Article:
These seemingly inconsistent opinions begin to make much more sense if you examine them from the point of view of the people expressing them - not that of politicians, talk radio hosts or cable news personalities - and take into account the stresses and pressures they are under. Almost a third of those answering the 2010 exit polls said that someone in their household lost a job in the last two years. About 40% said that their family financial situation is worse, and a similar number said that life for the next generation will also be worse.
Not surprisingly, two thirds said that the economy was the most important issue facing the country today. Eighty-seven percent said that they are worried about economic conditions; and 50% said that they are very worried. About the same percentage said that the highest priority for the next Congress is reducing the deficit (39%) that said it was spending to create jobs (37%).
The picture that emerges from these exit polls is that a large segment of the country is suffering pretty badly from the recession. They are understandably unhappy with their present condition, and apprehensive about their future and that of the country as a whole. They don’t have answers as to what will work. They are pragmatic, not ideological, and are willing to try whatever works best and makes life better for them, their families and their communities. They are voting against what hasn’t worked, rather than for what they think will work, because frankly, they don’t know.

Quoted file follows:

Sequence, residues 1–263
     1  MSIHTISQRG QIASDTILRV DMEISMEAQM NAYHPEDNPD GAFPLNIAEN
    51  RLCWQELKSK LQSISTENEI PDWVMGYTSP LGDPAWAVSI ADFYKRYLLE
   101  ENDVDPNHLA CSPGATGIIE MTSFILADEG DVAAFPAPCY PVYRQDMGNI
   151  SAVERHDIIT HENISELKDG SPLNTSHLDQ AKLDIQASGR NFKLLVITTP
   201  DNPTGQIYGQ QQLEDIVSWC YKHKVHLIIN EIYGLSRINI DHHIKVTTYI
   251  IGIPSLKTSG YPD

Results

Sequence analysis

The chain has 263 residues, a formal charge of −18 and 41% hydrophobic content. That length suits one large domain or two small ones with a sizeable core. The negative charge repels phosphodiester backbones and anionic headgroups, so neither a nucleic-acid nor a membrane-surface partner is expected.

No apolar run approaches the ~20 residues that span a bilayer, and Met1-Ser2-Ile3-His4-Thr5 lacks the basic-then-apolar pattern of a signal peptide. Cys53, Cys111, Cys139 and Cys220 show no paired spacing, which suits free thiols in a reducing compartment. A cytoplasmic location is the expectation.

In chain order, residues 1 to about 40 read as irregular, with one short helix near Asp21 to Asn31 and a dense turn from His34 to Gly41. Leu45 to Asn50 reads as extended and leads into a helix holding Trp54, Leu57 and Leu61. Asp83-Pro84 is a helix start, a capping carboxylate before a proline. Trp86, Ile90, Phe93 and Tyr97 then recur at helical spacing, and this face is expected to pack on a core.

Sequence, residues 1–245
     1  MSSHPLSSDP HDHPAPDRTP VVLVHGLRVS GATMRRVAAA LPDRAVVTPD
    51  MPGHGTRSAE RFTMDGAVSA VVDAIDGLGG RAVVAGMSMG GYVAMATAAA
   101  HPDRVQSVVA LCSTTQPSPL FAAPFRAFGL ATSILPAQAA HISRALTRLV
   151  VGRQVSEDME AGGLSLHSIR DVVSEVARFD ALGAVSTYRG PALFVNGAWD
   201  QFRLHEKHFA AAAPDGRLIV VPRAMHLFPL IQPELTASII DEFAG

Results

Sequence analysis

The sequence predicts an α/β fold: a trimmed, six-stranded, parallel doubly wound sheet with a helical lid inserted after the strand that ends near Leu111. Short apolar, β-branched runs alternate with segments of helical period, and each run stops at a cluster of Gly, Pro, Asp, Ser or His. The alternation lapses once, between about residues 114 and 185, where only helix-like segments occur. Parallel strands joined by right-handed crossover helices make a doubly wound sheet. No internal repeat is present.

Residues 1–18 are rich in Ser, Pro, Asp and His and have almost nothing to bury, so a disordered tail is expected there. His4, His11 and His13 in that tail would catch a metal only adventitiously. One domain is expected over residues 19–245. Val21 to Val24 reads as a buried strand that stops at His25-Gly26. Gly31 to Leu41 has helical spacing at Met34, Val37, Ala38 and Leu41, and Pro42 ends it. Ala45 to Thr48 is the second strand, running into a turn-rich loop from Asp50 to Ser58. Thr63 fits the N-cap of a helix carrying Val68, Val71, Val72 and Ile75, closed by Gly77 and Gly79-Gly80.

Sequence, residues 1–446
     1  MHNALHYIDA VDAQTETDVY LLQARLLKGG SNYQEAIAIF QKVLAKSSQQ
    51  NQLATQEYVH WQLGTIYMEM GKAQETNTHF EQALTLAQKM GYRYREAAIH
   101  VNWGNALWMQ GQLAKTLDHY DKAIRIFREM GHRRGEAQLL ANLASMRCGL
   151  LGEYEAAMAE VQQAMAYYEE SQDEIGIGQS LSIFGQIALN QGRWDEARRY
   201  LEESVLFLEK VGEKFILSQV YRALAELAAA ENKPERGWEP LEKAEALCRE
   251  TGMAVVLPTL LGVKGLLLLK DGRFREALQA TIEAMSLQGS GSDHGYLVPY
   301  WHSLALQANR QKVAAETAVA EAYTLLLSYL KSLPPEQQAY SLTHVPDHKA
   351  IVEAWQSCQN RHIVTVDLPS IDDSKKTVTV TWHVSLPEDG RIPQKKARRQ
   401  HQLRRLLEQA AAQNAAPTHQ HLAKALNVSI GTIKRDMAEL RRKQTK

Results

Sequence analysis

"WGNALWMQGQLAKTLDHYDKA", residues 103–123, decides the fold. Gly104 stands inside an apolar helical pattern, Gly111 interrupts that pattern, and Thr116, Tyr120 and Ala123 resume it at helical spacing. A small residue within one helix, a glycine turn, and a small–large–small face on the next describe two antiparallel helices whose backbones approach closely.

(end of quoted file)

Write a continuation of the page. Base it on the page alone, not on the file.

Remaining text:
As Matt Bai writes in his Times article:
“Perhaps, then, the recent uprisings on both ends of the ideological spectrum shouldn’t be viewed as opposing trends, but rather as points on the same cultural continuum . . . What we are seeing now - and are bound to see more of in the years ahead - might better be described as a series of mini-movements. They come together quickly, almost like flash mobs, anointing leaders overnight and reaching peak intensity within weeks or months. They create a satisfying outlet for frustration and a means for social connection.
“But it’s possible that the very speed and ease with which these movements rise up also make them, in the end, more ephemeral and less transformative . . . The mini-movement . . . seems to array itself against the most recent iteration of change, rather than advancing a modern agenda of its own.”
This accounts, in my opinion, for the wide swings of votes in recent elections. Despite what so many politicians and pundits say, there is no overriding ideological message. In the end, people just want their elected officials to fix the economy and let them get on with their lives.